My good friend Captain Ken has laid before me his proposal that a caucus of Professors can be a volatile thing.

He referred to a strange combination of effects, whereby such a group of scholars may adopt unquestioned a set of bright but speculative ideas just because they are generated by a fellow academic too well respected to be criticised. Since the caucus is such an influential thing, these ideas may bypass critical examination and rapidly find their way into the mainstream of public thought.

Such were the aperçus that came to mind this morning as I turned from my breakfast to a comment by Professor W of South Yorkshire, who is determined to speak only of ‘Brownian’ landscape as a means of avoiding finicky discussion of what the gardener Capability Brown actually did, and splashing instead a big ‘XX’ across the page.

There are several ways in which honest men and women can be diverted in their quest to comprehend Brown’s work. ‘Brownization’ has long been recognised as the process by which in the decades and indeed centuries that followed Brown’s death, landscapes where Brown was reputed to have worked were made more ‘Brownian’, that is to say, more and more like golf courses – because tradition had it, until the 1980s, that the perfect Brown landscape looked like a golfing fairway.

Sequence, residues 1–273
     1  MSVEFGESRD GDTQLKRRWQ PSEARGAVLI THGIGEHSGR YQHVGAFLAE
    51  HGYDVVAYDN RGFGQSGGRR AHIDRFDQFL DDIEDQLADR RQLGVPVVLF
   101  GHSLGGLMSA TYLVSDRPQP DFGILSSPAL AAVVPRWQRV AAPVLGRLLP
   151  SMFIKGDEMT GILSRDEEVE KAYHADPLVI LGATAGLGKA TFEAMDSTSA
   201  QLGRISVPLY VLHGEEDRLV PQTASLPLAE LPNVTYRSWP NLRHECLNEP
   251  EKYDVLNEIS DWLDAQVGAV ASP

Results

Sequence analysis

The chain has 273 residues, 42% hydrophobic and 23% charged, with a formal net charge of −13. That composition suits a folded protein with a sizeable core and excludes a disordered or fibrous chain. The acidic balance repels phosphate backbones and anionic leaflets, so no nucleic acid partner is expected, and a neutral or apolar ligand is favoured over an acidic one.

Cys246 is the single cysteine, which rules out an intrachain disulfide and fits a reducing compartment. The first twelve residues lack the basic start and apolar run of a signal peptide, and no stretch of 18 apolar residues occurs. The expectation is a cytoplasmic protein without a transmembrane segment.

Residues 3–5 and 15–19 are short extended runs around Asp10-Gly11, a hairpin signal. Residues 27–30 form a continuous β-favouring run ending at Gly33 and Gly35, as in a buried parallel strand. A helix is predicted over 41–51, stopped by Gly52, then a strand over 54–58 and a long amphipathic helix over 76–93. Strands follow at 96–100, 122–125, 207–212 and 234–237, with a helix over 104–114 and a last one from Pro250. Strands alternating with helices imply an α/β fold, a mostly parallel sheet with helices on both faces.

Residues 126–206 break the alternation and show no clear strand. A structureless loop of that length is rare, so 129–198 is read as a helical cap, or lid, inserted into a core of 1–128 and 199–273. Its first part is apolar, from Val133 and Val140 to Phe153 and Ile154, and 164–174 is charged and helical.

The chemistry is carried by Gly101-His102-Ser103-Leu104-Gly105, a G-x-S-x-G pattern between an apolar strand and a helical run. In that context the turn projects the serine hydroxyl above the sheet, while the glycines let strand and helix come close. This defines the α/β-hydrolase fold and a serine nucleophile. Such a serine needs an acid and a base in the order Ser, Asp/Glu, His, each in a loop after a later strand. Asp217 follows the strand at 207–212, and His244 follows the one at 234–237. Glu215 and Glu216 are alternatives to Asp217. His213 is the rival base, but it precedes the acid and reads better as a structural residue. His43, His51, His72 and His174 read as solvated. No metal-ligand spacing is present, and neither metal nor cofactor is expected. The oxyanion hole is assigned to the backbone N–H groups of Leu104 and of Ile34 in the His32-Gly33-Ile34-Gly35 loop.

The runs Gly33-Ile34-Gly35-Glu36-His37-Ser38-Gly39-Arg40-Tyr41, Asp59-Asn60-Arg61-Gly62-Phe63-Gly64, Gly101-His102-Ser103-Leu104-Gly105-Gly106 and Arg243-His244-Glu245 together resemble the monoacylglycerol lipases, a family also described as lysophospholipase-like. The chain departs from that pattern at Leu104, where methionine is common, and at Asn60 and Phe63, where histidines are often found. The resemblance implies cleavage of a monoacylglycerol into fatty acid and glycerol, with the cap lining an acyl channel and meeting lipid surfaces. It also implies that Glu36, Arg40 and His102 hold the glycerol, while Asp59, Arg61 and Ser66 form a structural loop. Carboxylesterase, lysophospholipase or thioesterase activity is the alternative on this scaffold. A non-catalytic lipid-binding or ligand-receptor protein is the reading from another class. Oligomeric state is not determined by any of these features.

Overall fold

Fair enough –  ah! – but you have spotted the flaw in my presentation: it is impossible to describe Brownization without first defining ‘Brownian’ a little more clearly. For the Brown Advisor, the features of a landscape are ‘Brownian’ if the landscape itself is attributed to Brown, and if the features are of a kind that crops up on other Brown landscapes. They are ‘Brownian’ in that they might even be signatures of Brown’s work, they suggest that he might have been involved

So far so good, but in common parlance among Professor W and his friends, a landscape can be said to be ‘Brownian’ merely because it looks like a Brown. Those who use it in that way draw on some nebulous idea of what a Brown landscape looks like (for example that it looks like a golf course). But the unexpected result, led by Professor W himself amongst the professors, has been to use ‘Brownian’ to evoke the idea of a vast cultural movement: ’Brownianism’, which spanned the whole United Kingdom in the mid-eighteenth century, with a host of improvers of one kind or another who peppered the island with 18th century parks. Brown himself is thus reduced to a bit player, singled out by chance from the cultural melée that is known as the English Landscape Movement

The disquieting consequence of Brownianism is that Brown’s extraordinary and towering achievement, his prolixity, his invention, are lost in the background noise – just as we lose the refinement of his work in its subsequent Brownization, just as music is lost in the iterations of musak.

There is nothing but good will in the pronouncements of these professors and I have found that a quiet word to the ear can stir from too easy a rest their more pensive muse.